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India & Africa offers a surprisingly accessible performance tribute to some of saxophonist John Coltrane's most knotty and deeply spiritual music, a tribute wondrously heavy on drums and percussion, beginning with orchestra leader Anthony Brown. Taken into standalone context like this, Coltrane's exploratory jazz probes into the music of India and Africaincluding "India," "Africa," "Liberia" and "Afro Blue"construct an impressive chapter in the saxophonist's considerable body of work.
"Although Coltrane was influenced by music globally when he recorded 'India' and 'Africa,' he did not incorporate instruments from those cultures," Brown explains. "The Asian American Orchestra has extrapolated Coltrane's original vision by including Indian and African traditional instruments into these masterworks."
Passage to India begins from a reflective "Living Space," an opening drone with flutes and other wind instruments that seem to float in....umm, living space, and points the direction for the orchestra's journey to follow. "India" moves powerfully and slowly, like a continent. The pace quickens in the indigenous duet between tabla (Dana Pandy) and sarod (Steve Oda), which alternates unison with call and response passages; the stereo separation in these response passages, when their riffing bounces back and forth between your speakers or headphones, is extremely cool. When saxophonist Masura Koga leads the ensemble back in to reprise "India," the ensemble (and appreciative audience) erupts into audible joythe genuine spiritual connection of collective creation.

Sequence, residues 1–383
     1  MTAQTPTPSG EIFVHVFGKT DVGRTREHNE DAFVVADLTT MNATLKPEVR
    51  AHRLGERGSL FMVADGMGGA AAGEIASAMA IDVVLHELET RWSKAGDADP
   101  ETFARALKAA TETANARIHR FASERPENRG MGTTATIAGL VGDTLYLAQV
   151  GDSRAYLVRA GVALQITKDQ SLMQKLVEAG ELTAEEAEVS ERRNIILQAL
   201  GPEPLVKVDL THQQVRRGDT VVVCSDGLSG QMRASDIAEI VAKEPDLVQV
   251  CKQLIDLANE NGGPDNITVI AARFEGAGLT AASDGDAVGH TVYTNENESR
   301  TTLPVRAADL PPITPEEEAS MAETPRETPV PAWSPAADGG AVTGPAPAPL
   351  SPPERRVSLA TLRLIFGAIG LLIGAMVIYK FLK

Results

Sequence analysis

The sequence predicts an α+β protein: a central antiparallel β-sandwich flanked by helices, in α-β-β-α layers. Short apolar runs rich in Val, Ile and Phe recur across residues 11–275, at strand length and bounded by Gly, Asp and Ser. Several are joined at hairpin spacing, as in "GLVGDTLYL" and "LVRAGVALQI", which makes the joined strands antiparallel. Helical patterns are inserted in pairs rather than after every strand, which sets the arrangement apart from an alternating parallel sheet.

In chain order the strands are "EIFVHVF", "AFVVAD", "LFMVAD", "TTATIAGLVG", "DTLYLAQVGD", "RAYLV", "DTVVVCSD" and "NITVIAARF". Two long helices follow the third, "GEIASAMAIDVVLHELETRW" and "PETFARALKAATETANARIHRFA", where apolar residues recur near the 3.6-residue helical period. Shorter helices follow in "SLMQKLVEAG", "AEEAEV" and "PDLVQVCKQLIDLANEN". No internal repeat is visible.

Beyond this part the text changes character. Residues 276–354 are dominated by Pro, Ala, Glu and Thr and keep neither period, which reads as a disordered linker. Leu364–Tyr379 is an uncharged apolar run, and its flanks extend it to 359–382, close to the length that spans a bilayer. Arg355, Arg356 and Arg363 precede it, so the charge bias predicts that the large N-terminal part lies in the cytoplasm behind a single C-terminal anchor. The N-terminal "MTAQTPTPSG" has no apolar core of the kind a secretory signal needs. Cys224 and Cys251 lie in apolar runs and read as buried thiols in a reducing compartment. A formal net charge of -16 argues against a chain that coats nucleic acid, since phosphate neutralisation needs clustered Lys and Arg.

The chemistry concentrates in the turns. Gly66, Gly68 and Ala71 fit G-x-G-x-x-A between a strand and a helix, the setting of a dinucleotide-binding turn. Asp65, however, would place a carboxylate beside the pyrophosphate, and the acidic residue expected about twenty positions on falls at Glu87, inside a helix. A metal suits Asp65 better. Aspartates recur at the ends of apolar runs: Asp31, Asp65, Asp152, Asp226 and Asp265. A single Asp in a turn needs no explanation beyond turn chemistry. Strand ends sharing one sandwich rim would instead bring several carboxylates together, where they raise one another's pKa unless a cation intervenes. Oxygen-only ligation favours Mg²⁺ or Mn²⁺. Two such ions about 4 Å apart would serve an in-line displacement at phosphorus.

Bridging these two continents, "Exaltation" begins as an African chant with matching percussion. But the chant turns, when landing upon the word "grace," into a rough-hewn version of the Christian traditional "Amazing Grace." This opens up passage to "Africa," where Koga blows impressive tenor fire to honor history's most famous saxophone flamethrower. "Africa" leads to "Liberia," where pianist Glen Pearson anchors saxophonist Melicio Magdaluyo's exploratory, explosive tenor, while the orchestra's percussion lines multiply like chattering rabbits all around them. "Liberia" maps out this journey's most Coltrane-like jazz stop.
I love jazz because anything is possible; it has few rules and the best jazz breaks those ones. I prefer free improv because it doesn't really have any rules at all.
I was first exposed to jazz in my teens (in the late sixties).
The first jazz record I bought was Filles de Kilimanjaro by Miles Davis, shortly followed by Extrapolation by John McLaughlin.
My advice to new listeners is to listen as widely as possible and not to make snap judgments--stick with it.